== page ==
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Unexpected Recursion  RSS feed

 
Soniya Ahuja
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In the code above, if I enter the following input

An InputMismatchException is thrown but it gets thrown infinite times and is followed by 1. I cannot understand that why does int x = sc.nextInt() throw an exception again and again. Is it because something goes wrong with the scanner itself?
 
Mohamed Sanaulla
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"ten" is not same as entering- 10. nextInt() expects 10 and not "ten".

And as far as the infinite loop is considered- success never becomes true, because there's an exception thrown, catch block tackles it and the loop continues. You can step through a debugger to check the behavior of the program
 
Soniya Ahuja
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Mohamed Sanaulla wrote:"ten" is not same as entering- 10. nextInt() expects 10 and not "ten".

And as far as the infinite loop is considered- success never becomes true, because there's an exception thrown, catch block tackles it and the loop continues. You can step through a debugger to check the behavior of the program


Hello Mohamed, well thanks for your reply but the problem is that I have entered ten on purpose. Haven't I mentioned that I get an InputMismatchException? Thanks for trying, but I already know the difference between ten and 10. Please read the entire question. Thanks again.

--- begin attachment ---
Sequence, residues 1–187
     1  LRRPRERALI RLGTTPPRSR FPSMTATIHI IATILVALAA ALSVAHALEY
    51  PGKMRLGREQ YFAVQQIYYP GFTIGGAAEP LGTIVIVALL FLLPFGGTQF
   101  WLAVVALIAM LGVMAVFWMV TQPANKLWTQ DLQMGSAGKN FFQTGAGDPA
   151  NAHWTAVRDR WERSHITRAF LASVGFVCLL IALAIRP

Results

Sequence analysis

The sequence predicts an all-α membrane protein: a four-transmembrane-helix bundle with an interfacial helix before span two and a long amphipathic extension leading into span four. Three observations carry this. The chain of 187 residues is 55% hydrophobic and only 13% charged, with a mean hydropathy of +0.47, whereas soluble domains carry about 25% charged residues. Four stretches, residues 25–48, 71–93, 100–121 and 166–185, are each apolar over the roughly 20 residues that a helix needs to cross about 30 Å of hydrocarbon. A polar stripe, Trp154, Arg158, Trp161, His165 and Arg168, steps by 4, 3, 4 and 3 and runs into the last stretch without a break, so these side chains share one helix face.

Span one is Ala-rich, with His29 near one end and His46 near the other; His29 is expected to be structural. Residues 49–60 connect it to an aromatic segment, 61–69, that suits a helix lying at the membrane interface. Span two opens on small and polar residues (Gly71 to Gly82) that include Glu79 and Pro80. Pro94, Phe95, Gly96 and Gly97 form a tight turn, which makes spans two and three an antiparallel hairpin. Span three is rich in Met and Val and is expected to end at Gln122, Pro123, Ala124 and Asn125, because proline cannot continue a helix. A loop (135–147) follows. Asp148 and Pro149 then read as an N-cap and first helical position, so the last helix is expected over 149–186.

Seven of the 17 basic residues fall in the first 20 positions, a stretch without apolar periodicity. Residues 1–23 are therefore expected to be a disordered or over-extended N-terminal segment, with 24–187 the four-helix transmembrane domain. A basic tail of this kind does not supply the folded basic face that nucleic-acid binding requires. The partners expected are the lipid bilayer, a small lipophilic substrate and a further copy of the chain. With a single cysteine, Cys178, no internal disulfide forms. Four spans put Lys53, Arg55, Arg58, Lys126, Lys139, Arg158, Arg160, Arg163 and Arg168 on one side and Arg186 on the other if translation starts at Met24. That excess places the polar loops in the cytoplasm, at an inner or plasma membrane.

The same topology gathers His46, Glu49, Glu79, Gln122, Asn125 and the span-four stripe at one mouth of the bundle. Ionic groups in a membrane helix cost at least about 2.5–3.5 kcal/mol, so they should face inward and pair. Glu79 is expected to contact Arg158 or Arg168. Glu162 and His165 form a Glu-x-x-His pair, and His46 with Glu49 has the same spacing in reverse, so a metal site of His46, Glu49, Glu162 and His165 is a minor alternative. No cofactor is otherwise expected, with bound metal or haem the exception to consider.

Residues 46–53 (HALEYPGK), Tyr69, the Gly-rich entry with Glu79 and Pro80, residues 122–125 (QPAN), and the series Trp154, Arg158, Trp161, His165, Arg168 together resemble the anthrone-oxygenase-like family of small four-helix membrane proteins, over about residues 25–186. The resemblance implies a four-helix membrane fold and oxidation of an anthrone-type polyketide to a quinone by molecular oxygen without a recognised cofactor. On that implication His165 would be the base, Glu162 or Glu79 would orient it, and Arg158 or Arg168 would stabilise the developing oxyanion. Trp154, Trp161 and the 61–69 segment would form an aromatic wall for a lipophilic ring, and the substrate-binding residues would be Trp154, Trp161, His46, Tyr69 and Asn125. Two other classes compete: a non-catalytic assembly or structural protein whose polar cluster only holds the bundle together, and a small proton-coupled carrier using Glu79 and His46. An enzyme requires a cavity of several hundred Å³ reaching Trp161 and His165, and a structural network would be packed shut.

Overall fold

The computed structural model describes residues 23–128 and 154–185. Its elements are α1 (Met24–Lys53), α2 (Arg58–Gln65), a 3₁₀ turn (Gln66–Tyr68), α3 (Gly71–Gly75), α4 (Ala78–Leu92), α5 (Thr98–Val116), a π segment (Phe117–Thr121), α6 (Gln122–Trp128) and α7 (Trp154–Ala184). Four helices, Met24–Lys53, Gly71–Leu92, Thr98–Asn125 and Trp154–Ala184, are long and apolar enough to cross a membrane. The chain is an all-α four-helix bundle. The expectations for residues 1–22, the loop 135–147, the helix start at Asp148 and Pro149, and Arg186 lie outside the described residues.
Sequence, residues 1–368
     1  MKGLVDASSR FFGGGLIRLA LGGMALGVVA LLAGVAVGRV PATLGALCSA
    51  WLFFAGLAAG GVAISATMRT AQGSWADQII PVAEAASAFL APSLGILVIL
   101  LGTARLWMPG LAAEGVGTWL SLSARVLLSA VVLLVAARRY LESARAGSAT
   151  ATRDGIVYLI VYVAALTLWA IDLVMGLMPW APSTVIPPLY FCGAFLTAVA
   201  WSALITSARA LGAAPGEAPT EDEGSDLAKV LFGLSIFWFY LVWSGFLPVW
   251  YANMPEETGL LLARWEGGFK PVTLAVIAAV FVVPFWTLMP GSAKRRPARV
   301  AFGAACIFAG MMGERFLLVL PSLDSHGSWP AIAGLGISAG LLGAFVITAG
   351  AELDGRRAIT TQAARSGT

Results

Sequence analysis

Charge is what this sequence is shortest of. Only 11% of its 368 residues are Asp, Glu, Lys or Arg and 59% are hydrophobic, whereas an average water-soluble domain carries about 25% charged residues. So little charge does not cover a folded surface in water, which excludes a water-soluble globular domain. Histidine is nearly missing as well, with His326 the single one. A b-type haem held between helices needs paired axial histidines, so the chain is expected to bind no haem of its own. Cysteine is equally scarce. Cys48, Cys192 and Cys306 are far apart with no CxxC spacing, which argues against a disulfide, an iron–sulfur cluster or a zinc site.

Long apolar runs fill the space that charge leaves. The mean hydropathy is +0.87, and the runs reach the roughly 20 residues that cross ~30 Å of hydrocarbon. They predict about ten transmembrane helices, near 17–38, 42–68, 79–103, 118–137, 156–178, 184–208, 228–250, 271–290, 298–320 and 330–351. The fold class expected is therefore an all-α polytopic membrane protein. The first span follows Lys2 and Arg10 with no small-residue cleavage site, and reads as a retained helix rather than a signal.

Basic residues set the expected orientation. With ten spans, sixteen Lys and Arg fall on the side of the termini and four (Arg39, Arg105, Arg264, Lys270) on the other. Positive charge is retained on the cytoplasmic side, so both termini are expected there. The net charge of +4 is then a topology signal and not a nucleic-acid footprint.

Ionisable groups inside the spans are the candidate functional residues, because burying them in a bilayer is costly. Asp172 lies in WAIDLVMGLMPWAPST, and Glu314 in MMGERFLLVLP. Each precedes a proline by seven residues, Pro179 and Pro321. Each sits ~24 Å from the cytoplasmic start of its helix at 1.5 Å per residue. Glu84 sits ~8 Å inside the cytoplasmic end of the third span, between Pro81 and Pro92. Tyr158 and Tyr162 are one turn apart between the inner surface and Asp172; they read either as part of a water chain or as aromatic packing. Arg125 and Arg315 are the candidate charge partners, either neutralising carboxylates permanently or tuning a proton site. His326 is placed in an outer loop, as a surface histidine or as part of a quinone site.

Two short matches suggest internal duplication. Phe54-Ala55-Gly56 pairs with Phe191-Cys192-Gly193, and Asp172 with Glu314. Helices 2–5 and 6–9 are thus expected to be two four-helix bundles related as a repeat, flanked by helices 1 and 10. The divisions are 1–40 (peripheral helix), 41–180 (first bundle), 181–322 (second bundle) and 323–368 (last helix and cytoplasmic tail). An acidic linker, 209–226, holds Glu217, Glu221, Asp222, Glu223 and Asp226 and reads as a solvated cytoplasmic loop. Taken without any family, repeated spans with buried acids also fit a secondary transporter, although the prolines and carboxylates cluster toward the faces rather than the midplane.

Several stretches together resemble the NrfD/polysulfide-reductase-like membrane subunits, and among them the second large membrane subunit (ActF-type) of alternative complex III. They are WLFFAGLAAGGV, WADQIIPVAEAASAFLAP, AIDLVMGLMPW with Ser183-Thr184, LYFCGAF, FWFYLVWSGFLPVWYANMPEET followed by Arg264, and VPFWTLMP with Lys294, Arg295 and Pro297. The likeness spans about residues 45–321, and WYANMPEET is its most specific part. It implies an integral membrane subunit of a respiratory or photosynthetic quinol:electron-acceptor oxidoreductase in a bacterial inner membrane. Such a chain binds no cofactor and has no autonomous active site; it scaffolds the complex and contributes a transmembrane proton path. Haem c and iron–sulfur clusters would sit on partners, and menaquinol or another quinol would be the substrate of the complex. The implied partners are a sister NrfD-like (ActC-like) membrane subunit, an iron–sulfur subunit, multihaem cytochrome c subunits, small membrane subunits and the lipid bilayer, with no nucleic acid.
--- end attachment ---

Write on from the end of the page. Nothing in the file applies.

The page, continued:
Mohamed Sanaulla
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Ah sorry, though I read it, didn't interpret it correctly.
 
Rob Spoor
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The reason is you don't consume the input. The user enters "ten". Then you call nextInt() but there is no int, just "ten". So the exception is caught and the loop starts all over. However, the "ten" is still there. So nextInt() doesn't read new input but reads that same "ten".

To fix this, simply call sc.next() in the exception handler to consume the "ten". You don't need to assign the return value, just consume it.
 
Jesper de Jong
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This does not have anything to do with recursion.

When Scanner.nextInt() encounters something that it cannot parse as an integer, it will simply read nothing from the scanner. So the text that the scanner read is staying there, and when you call nextInt() again it will try to parse the same input again. Your program has a loop, so when you enter an invalid input it will again and again try to parse the same thing that you already entered - and every time it goes wrong in the same way, leading to the same error again and again.

To avoid this, you could read the input using Scanner.nextLine(), and then parse that with Integer.parseInt().
 
Soniya Ahuja
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@Rob and Jesper: Thanks for the comments guys. I did figure it out that there was some problem once an incorrect datum was entered. To go around it, I was instantiating the Scanner in the try block, but that obviously meant creating a lot of new objects. Now with what you've explained, I can come up with a better solution, probably call next from the catch block. Thanks guys!!
 
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